The Lamoille Valley Rail trail is a proposed four-season pedestrian path. It would stretch nearly 100 miles from Saint Johnsbury to Swanton, but it has hit some hurdles on the path to construction.
Bryant Watson, Executive Director of the Vermont Association of Snow Travelers, said, "We are trying to determine what the state of Vermont's commitment is to this project and their willingness to work with VAST as our partner."
VAST presented the plan 12 years ago. The organization says the project would stimulate the economy in rural areas that are struggling in our state.
"We are going to clean the ditches, de-brush the sides of the trail, scarify the surface, put a new surface down, and replace bridges that need to be replaced," Watson explained.
The project hit a snag when state officials decided the rail trail needed Act 250 approval. So, VAST invited lawmakers to a special meeting in Berlin Wednesday to try to find a way around the permitting process, or help getting through it.
Watson said, "If we do have to we want to make sure that we are going to get a commitment from the state that they will assist us in that process."
The rail trail has an estimated $9 million price tag. VAST has raised $1.3 million for the project, and Senator Bernie Sanders secured $5.3 million in federal money, but those federal funds will not last forever.
"If we get in a long drawn out process with Act 250 that money could go away," Watson said.
Four previous projects similar to the Lamoille Valley Rail Trail did not require Act 250 approval. With more than 900 property owners along the path some fear getting everyone on board will be nearly impossible, thus derailing the rail trail.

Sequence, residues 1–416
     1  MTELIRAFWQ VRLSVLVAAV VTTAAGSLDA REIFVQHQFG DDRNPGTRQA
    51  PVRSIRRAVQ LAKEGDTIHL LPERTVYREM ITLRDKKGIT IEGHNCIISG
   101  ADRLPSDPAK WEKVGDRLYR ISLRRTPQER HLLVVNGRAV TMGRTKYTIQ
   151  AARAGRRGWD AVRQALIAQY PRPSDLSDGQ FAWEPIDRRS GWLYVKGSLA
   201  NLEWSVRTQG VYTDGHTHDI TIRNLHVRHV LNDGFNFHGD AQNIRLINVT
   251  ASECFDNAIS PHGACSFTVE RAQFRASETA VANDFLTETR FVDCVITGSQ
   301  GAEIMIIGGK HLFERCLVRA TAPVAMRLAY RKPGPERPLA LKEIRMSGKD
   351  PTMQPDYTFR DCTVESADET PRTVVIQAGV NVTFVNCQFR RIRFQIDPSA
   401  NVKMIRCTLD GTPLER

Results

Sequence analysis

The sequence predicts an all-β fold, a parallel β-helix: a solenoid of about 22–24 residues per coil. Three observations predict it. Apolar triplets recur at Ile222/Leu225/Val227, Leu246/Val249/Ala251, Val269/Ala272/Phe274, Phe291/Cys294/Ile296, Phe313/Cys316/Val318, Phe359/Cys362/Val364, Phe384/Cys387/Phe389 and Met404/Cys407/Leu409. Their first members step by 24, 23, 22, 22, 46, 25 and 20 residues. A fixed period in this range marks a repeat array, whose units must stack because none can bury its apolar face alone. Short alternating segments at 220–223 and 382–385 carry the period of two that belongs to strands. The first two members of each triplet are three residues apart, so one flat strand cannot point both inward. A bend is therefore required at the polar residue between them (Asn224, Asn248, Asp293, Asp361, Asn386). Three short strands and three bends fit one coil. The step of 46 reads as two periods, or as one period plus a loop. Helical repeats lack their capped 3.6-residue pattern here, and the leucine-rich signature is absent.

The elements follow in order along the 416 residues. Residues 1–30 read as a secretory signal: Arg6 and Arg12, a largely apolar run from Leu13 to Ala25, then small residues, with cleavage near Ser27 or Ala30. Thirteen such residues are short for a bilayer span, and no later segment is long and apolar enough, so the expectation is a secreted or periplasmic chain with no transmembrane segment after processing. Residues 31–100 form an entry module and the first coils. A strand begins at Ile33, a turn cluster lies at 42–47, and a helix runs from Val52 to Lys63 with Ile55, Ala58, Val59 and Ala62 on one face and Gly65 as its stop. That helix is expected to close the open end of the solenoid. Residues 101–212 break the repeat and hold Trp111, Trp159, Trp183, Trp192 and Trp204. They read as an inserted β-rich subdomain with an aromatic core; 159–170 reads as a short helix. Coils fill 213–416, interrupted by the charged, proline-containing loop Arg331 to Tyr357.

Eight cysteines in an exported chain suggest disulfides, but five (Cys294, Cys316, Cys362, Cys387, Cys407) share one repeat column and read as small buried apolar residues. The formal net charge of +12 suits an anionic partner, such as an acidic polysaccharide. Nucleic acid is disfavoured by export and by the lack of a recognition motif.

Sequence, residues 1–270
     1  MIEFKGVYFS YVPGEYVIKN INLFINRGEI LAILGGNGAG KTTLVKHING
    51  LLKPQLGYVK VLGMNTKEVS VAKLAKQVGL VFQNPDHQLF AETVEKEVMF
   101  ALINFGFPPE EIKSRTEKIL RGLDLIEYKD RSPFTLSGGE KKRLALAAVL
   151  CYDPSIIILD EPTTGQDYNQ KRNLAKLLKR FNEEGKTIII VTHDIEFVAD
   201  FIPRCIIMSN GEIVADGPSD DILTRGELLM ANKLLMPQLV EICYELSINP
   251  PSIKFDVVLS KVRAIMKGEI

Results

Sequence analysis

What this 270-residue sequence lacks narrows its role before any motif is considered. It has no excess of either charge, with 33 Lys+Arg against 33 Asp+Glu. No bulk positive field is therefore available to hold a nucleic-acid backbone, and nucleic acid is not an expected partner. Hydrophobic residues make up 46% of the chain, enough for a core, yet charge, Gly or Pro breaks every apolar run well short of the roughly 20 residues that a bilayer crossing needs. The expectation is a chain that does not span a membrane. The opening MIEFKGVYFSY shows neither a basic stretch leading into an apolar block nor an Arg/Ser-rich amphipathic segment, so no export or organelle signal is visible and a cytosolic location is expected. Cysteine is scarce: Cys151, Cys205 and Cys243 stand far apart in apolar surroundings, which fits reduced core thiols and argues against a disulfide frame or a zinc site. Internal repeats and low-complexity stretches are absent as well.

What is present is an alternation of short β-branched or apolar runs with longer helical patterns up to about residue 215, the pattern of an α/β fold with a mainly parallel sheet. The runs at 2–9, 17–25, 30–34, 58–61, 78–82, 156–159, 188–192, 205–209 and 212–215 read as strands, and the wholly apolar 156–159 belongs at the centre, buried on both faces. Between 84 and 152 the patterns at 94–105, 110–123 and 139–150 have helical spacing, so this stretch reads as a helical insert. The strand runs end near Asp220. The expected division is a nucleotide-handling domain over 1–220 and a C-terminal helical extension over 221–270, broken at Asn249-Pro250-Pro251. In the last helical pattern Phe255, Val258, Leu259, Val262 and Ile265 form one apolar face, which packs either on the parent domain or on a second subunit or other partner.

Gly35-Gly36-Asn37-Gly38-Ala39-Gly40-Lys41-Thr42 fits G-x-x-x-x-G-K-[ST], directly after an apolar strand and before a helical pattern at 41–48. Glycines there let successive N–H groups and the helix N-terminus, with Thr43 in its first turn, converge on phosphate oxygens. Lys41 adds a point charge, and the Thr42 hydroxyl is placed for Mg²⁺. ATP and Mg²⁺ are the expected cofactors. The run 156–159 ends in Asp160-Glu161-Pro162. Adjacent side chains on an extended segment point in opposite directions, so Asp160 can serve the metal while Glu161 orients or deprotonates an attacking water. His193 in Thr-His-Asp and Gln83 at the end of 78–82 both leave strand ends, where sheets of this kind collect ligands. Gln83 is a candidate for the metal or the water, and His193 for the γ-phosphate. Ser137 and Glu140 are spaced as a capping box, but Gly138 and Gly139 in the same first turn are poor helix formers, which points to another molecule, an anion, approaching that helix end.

"We see that Act 250 is expanding, it's kind of expanding its grounds and covering projects it never has covered in the past," said Watson.
Special Assistant to the Governor Susan Bartlett sees it differently. She said, "A lot of them are upset and oh it is not fair, and we cannot do it. Well they went through a legal process to challenge whether they needed it or not. The results came back; they were told they need to go through the process so they need to go through the process."
Bartlett said the group has backing from the governor and should not be gun-shy about the permitting process. "They have the green light on all the difficult things that deal with storm water, replacing culverts and rebuilding bridges. All kinds of things," she said.
But supporters like Kenneth Gamell disagree, "It is not fair, and I think it needs to be corrected."
"My grandson was 2 years old I promised he and I were going to ride from Saint Johnsbury to Swanton, and he was going to sit between my legs on the snow machine. Today, he is 14 years old and weighs 180 pounds, and he is 6 feet tall. I do not think he can sit between my legs anymore," Gamell said.
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